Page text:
Photo by Alex Wong/Getty Images

But in the wake of the fallout against her, Evita Duffy also has received support from some pretty big names for making her voice heard.

What’s the background?

Duffy, a sophomore at the prestigious school, noted that the college’s Institute of Politics asked her to participate in a digital initiative called “I Vote Because” in which students pose with a small white board stating their reasons for casting ballots. Her statement read, “I VOTE BECAUSE … the coronavirus won’t destroy America, but socialism will.”

What was the reaction?

Duffy wrote in her op-ed for the Chicago Maroon said she’s used to “being in the minority opinion” since she’s a “conservative Hispanic woman” on a “liberal college campus.”

“I am a proponent of free speech, and I hoped my white board message might even encourage a lively and robust debate on economics,” she added. “However, I was naïvely unprepared for the onslaught of online hate and threats of violence I received.

More from her op-ed:

Fellow students attacked my character, my intellect, my family, my appearance, and even threatened me with physical violence, using foul and offensive language. I was called a racist and a xenophobe. Some compared me to animals. Others declared that they would personally stop me from voting, and many defended the personal attacks, saying I deserved to be bullied and that I don’t belong at the University of Chicago on account of my beliefs. I was told by many that I was the most hated person on campus. It was frightening. It was also hurtful, since some of the attacks came from people I considered friends.after that post she received threatening messages on social media and from her classmates.

She also ripped college officials, saying it’s “not hard to imagine what sort of actions they would be taking if an LGBTQ+ or Muslim student faced similar threats or experienced this sort of intolerance on campus.”

In relation to the other part of her white board statement, Duffy noted that “as awful as the coronavirus is, killing a total of 12 people nationwide and over 3,000 globally, its number of victims pales in comparison to the tens of millions of people who have died at the hands of socialism and communism.”

Who else spoke up?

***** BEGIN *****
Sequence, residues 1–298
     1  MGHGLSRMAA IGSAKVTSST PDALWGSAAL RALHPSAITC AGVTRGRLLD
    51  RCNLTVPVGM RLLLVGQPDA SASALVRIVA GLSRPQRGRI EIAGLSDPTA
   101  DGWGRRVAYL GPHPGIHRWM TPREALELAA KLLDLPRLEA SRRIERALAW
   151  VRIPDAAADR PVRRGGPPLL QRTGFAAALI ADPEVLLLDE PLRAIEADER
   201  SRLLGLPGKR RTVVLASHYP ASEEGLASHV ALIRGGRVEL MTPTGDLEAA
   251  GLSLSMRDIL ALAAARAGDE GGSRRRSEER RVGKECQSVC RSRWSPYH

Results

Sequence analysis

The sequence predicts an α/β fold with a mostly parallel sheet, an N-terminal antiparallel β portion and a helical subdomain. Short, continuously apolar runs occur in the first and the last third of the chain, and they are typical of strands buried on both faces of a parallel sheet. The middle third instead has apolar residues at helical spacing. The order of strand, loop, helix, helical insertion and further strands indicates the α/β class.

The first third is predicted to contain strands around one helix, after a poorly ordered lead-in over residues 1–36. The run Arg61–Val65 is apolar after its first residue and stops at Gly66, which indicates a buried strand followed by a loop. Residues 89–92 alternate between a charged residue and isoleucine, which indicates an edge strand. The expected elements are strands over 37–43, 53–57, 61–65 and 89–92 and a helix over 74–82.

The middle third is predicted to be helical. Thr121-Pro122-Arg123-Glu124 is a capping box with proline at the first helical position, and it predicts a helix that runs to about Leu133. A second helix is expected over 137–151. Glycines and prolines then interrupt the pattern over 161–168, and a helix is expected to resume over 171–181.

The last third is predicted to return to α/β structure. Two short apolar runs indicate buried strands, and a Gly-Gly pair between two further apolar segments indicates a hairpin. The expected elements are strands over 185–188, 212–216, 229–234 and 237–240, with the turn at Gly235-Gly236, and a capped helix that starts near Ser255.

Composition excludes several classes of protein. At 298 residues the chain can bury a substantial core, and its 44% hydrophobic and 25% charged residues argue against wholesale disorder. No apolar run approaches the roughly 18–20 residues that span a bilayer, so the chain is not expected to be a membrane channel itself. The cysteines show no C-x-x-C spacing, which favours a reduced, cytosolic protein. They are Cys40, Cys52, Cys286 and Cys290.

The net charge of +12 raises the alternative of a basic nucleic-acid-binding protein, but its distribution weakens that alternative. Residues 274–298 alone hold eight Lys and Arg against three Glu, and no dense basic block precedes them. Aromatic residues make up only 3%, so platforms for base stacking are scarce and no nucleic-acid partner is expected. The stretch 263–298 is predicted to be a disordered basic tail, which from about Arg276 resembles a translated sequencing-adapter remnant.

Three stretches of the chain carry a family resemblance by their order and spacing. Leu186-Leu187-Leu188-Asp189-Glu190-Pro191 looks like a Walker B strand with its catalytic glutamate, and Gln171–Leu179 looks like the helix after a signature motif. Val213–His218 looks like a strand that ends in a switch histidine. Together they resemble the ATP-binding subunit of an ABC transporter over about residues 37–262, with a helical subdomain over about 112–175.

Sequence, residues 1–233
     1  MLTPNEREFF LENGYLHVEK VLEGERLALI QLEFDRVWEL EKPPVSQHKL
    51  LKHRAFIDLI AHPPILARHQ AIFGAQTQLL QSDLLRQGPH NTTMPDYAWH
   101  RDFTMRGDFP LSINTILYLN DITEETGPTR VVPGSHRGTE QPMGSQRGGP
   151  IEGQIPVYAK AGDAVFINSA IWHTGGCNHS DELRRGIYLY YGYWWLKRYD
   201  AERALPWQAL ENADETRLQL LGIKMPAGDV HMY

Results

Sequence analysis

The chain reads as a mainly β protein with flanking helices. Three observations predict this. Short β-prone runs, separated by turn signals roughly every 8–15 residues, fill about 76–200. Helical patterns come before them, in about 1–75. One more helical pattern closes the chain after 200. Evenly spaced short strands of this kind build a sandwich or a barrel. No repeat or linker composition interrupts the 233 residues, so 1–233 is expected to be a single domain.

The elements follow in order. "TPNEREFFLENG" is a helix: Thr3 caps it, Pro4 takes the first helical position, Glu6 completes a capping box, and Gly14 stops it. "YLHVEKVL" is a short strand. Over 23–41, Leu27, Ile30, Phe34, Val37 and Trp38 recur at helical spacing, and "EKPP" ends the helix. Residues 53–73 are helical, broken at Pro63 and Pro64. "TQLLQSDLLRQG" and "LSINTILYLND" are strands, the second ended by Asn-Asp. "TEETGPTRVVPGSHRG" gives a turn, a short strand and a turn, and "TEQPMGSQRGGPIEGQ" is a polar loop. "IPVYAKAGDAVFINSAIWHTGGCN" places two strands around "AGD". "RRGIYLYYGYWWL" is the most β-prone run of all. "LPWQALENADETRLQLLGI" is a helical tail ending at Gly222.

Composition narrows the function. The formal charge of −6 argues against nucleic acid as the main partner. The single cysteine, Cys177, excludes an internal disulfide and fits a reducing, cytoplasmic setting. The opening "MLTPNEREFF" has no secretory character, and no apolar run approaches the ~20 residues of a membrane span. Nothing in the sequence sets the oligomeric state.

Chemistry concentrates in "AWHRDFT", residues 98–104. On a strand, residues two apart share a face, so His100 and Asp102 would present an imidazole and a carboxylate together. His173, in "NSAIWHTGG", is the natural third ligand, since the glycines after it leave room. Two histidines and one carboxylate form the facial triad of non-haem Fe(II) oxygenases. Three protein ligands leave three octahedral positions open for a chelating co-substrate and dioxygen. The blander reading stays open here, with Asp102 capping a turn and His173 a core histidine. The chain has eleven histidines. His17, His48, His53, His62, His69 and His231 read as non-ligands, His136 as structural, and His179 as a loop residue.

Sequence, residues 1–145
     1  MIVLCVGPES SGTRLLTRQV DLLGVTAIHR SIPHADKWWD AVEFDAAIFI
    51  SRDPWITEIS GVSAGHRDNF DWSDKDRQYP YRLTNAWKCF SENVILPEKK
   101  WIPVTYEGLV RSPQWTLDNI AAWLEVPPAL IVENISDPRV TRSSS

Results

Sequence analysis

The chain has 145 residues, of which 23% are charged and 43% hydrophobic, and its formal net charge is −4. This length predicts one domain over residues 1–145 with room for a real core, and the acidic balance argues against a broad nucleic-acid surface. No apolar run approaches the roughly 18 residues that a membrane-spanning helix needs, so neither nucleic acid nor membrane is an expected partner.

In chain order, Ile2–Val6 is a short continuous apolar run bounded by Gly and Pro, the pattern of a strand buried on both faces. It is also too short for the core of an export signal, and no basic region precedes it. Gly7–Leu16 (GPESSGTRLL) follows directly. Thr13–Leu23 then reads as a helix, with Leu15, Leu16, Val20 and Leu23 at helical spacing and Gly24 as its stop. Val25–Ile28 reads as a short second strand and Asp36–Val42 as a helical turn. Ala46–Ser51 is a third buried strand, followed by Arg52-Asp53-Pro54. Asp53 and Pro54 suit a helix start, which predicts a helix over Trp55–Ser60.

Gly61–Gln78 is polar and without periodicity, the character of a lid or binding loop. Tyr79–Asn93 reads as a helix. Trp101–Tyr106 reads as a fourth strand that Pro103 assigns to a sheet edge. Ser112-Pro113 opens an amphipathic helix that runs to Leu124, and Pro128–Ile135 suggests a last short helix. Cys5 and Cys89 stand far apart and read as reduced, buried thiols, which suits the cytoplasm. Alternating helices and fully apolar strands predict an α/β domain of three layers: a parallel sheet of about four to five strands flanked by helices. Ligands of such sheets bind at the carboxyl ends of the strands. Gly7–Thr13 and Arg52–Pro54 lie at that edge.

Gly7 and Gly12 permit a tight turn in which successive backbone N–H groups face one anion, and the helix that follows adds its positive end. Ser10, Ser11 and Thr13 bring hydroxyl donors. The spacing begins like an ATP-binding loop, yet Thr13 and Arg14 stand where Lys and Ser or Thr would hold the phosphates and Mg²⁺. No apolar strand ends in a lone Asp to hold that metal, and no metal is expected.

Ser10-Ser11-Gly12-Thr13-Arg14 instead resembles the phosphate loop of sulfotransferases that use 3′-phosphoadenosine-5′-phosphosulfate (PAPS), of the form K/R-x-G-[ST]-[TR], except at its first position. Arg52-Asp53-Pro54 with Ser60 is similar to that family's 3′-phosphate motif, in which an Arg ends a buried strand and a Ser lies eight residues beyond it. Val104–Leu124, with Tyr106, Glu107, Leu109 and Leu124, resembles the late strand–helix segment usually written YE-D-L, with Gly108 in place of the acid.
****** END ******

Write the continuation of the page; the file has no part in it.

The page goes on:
David Axelrod — the IOP’s founding director and confidant of former President Barack Obama — penned a statement Friday speaking against the “unacceptable harassment” Duffy endured. But Axelrod also said her “minimization” of the Coronavirus was “offensive to those who have loved one here and overseas who have been infected and whose lives have been disrupted — which may very quickly include all of us — in large ways and small.”

Still, Axelrod pointed to Duffy’s statement about socialism as the primary element that stirred anger, and that she was “entitled to express [her opinion] without the ugly and inappropriate online harassment that followed. We strongly condemn and deeply regret the threatening comments this student has received.”

Messages of support

Duffy’s op-ed caught the attention of a number of high-profile voices who offered their support and encouragement, including former U.N. Ambassador Nikki Haley, former Republican presidential candidate and governor of Wisconsin Scott Walker, and cohost of “The View” Meghan McCain:

Anything else?

The day after Duffy’s op-ed was published, the Chicago Maroon ran a rebuttal from Darcy Kuang, a fellow student and deputy news editor, who called Duffy’s white board message “insensitive, offensive, and racist.”

“You treated an extremely traumatic event for Chinese people around the world as nothing but a way to weaponize your own political opinion, which you could have sufficiently expressed without any mentions of the outbreak,” Kuang wrote, adding that “you made Chinese students feel like our trauma is unrecognized and unimportant at this school. Your message suggests that our trauma is only worthy of being the backdrop of ‘important’ discussions like capitalism vs. socialism.”

But judging by some of the comments to Huang’s rebuttal, it doesn’t seem to have been received all that positively:

  • “Hey Genius, Coronavirus, does not just kill Chinese people…so you can crawl off the alter of victimhood and find another argument to whine about.”
  • “Connecting two newsworthy topics in the same sentence doesn’t trivialize or marginalize either one, and nothing about this statement is racist or xenophobic. In fact, it’s the very opposite of xenophobia. You trivialize real racism, which does still exist in this country, with your eagerness to be angry. What a bizarre and anti-intellectual reaction.”
  • “More examples of ‘feelings’ and needs for ‘safe spaces’ from the whining generation.”